The end game

Tim Brown

WATCH VIDEO: Joe Torre discusses loss and the possibilty it was his last game with Yankees.

NEW YORK – The Cleveland Indians, a bit player in their American League division series until Monday night, threw themselves at each other near the mound at Yankee Stadium, delighted to leave the whole thing behind.

They'll go play the Boston Red Sox starting Friday night, meaning, if we are to believe George Steinbrenner's threats, Joe Torre, for one, is out of a job. Also, Alex Rodriguez is on the clock, and the Yankees have a roster to rework.

The Yankees' defiance held up for one game, when they squared their shoulders and spit in Steinbrenner's eye. Sadly for them, there was still some pitching and hitting to do, neither of which went too well in Game 4, when Paul Byrd – yes, Paul Byrd – ran them off for five innings with mid-80s fastballs.

Maybe Steinbrenner will reconsider. Hell, maybe he won't remember saying it and everybody can keep showing up to work. It seems doubtful, though. No one from Steinbrenner's camp – not one of the Steinbrenner sons, not the team president, no one with an ounce of consideration for Torre's 12 years of service and dignity – telephoned Torre with encouragement after Steinbrenner's public promise to can him, Torre said Monday afternoon. The silence, one can only assume, suggests compliance, even agreement.

"This ballclub," Torre said, "they have a great future."

Not we. They.

"This has been a great 12 years," he said. "Whatever the hell happens from here on out, I mean, I'll look back on these 12 years with great, great pleasure, based on the fact that I'm a kid who had never been to the World Series. … The 12 years just felt like they were 10 minutes long, to be honest with you."

Staring out over the top of the delirious Indians, the last of his players having passed into the tunnel and out of the season, Torre might have recognized that he brought this on himself. He made managing in New York look too easy. He solved problems and soothed egos and made sense of the irrational. He neither coddled nor whipped, but let play Steinbrenner's bankrolls and whims, along with some very fragile rosters.

The owner and his lieutenants have forgotten, perhaps, that the 20 years prior to Torre produced a dozen or so managers who made the job appear exceptionally difficult, even in victory, and the next dozen are as likely to repeat that than not.

Whatever. It's their pinstripes, their image, their landmark franchise.

Someday, they'll remember the old stadium and the chants that poured from the stands as their manager made two trips to the mound in the eighth inning. Maybe, from his office behind the curtains on the loge level, Steinbrenner could hear them.

"Joe-oh Tor-ee! Joe-oh Tor-ee!"

An hour later, Torre grinned. His voice thinned. He didn't want to cry.

"You can feel their heartbeat," he said. "Not hear it, you can feel their heartbeat."

In the middle of Yankee Stadium on an unseasonably warm October evening, there were 25 guys who wouldn't give much thought to Torre, or A-Rod, or the pending free agencies of Jorge Posada and Mariano Rivera, or what all of this might look like come April. And there was no more heartbeat to feel, outside of their own.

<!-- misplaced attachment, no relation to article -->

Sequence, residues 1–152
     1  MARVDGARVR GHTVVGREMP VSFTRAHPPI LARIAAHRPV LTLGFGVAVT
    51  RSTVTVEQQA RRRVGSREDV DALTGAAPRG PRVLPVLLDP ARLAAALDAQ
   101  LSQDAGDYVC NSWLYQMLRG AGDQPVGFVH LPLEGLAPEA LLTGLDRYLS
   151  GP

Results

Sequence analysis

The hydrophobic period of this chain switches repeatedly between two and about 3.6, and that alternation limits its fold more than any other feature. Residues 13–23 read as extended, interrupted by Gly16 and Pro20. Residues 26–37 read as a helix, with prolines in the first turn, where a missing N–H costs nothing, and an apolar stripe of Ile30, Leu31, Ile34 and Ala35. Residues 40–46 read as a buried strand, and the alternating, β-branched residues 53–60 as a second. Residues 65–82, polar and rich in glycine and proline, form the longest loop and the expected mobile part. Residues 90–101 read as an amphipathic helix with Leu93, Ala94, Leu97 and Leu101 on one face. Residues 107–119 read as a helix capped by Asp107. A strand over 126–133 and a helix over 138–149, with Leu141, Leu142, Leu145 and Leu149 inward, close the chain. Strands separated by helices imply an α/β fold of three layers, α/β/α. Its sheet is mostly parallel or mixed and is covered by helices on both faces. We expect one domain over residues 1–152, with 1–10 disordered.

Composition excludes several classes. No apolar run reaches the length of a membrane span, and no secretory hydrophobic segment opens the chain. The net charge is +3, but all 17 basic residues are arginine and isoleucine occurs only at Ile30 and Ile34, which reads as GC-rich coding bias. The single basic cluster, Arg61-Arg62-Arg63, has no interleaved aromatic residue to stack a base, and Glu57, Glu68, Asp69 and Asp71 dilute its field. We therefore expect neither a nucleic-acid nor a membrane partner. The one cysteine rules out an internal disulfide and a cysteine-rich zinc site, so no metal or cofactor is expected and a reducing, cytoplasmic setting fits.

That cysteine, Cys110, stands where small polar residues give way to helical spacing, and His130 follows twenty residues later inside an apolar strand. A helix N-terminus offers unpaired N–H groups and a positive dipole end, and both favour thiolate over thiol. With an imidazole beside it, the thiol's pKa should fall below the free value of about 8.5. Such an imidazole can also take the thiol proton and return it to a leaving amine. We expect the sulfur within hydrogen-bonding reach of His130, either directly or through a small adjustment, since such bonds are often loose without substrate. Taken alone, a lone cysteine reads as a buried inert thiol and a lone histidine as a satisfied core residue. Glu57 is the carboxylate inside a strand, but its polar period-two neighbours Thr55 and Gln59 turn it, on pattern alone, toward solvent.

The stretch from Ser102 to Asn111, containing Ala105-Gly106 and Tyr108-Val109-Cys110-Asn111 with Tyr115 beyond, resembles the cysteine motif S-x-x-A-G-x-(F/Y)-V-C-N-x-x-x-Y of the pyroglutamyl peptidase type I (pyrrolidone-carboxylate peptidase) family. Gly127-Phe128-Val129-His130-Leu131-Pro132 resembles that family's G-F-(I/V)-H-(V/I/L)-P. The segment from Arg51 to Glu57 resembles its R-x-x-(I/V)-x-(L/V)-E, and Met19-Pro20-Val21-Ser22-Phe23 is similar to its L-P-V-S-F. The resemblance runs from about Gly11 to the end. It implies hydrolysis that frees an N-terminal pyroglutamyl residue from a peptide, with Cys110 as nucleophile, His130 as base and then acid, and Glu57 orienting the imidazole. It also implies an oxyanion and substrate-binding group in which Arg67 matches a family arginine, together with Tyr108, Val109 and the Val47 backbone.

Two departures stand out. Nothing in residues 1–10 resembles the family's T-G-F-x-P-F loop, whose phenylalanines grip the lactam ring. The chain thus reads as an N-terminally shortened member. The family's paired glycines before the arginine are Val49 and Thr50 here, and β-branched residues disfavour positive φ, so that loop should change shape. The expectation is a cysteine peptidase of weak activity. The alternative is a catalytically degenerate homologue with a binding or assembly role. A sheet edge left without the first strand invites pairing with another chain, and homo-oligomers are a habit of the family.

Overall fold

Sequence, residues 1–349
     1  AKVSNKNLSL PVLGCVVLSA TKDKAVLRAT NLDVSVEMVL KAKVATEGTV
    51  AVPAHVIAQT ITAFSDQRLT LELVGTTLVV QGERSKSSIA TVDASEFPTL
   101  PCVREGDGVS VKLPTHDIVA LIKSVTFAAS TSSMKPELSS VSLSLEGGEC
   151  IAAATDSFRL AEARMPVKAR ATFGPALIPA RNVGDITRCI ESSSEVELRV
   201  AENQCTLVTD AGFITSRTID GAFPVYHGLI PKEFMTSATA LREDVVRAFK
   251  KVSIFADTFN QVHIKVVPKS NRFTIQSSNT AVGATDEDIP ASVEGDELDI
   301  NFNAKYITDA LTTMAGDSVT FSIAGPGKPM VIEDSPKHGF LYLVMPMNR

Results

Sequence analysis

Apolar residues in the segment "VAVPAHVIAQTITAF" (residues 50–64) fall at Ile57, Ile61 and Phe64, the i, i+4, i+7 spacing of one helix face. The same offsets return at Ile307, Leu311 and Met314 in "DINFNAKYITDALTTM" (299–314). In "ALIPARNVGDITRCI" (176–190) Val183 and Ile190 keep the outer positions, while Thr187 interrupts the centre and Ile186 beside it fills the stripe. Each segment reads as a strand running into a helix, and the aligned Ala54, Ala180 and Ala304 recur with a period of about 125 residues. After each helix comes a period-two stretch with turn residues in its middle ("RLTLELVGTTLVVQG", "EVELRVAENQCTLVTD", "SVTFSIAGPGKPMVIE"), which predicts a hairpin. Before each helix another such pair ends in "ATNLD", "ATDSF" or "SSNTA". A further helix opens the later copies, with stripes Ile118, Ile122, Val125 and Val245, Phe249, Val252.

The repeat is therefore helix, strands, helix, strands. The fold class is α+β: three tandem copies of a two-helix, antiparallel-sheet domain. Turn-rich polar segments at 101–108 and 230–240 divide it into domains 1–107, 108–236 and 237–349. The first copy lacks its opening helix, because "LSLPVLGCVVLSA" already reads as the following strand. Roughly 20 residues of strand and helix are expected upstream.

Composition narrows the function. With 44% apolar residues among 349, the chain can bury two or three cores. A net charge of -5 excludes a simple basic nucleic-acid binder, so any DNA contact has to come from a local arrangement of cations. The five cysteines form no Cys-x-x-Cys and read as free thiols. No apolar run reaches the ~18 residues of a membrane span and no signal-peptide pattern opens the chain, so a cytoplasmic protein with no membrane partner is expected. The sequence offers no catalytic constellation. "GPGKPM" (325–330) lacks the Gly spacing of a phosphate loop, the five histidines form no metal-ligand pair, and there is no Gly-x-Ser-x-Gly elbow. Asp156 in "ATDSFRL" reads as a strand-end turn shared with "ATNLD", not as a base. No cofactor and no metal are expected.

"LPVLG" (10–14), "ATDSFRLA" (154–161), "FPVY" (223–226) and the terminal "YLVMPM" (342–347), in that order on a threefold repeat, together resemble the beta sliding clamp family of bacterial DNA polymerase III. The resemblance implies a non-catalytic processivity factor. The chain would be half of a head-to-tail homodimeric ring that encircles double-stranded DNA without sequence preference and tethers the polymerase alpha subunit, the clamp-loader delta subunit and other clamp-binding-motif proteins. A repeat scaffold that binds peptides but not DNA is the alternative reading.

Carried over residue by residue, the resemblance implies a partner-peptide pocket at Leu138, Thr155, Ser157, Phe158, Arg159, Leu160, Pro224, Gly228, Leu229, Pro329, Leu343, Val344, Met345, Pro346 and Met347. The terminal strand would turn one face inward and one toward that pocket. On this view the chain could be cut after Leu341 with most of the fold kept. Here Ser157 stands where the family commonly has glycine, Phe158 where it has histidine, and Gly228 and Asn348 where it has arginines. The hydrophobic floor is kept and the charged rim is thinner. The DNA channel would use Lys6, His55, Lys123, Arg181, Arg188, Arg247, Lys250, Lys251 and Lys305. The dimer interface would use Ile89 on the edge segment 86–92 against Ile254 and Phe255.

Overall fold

While the Yankees began to look tired and overmatched (they've lost four consecutive playoff series, starting with those four consecutive losses to the Red Sox in the 2004 ALCS), the Indians have been reborn. After a season of 96 wins and their first postseason series victory in a decade, they rolled on the infield grass and shouted and celebrated their youth, their future.

"This is what you dream of," center fielder Grady Sizemore, said. "You want to play in the postseason."

They'd vanquished 19-game winner Chien-Ming Wang for the second time in five days. They'd gotten big hits, made big pitches, became the better team. They were poised and game. They hung over the dugout rail for every pitch.

They are more like the Yankees used to be. The Yankees used to pitch themselves to World Series. Now they pitch themselves out of them, and into another winter of uncertainty.

Rodriguez stood in front of his locker, his fourth season ending like the previous three. He has 10 days from the end of the World Series to declare his intention, in or out. He hit a home run in the seventh inning, but still lost 6-4, still went home the best regular-season player in the game, still went home early. The RBI that came with the home run was his first in the postseason since 2004.

He was asked if this was his last game for the Yankees.

"I don't know," he said. "I haven't really thought about it. It's been all baseball for eight months. It's just a tough time to reflect right now."

His eyes were bloodshot.

"It's been a tough ladder for me," he said, meaning the fall and climb from MVP to target to MVP. "It's too bad it has to end like this. … The reason I came to New York first and foremost was to help this team win a championship. I must say, I have failed at that."

Rodriguez and Torre did not walk out together, though it would have made for great symbolism. Torre will hear of his fate, presumably, in the coming days. Rodriguez has perhaps a month to decide whether to opt out of his contract.

He would not commit to returning to the Yankees, but he did call Torre "the best manager in the game," and he did not exclude Torre's presence here as a factor in his decision.

"I wish Joe the best," he said. "I wish things work out for him."

The rest of them? It'll need time. For the moment, the Yankees watched the Indians play better baseball, watched them move on to the Red Sox, watched them do what the Yankees used to do, seemingly so long ago.

Rodriguez pursed his lips.

"You just feel like some day you're going to be on that end," he said. "You know?"